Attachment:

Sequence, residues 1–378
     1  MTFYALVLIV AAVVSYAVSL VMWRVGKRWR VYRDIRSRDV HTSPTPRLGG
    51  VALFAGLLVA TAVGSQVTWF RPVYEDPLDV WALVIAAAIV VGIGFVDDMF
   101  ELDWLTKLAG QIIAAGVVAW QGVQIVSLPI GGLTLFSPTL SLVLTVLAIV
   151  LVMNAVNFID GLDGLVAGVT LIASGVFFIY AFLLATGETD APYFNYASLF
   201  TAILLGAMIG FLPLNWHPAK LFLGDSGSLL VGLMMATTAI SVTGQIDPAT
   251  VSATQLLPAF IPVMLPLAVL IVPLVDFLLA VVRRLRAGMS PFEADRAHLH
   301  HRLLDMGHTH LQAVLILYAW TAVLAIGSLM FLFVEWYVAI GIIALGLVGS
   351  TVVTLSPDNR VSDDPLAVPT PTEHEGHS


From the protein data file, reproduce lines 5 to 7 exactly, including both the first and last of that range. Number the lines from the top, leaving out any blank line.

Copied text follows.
   151  LVMNAVNFID GLDGLVAGVT LIASGVFFIY AFLLATGETD APYFNYASLF
   201  TAILLGAMIG FLPLNWHPAK LFLGDSGSLL VGLMMATTAI SVTGQIDPAT
   251  VSATQLLPAF IPVMLPLAVL IVPLVDFLLA VVRRLRAGMS PFEADRAHLH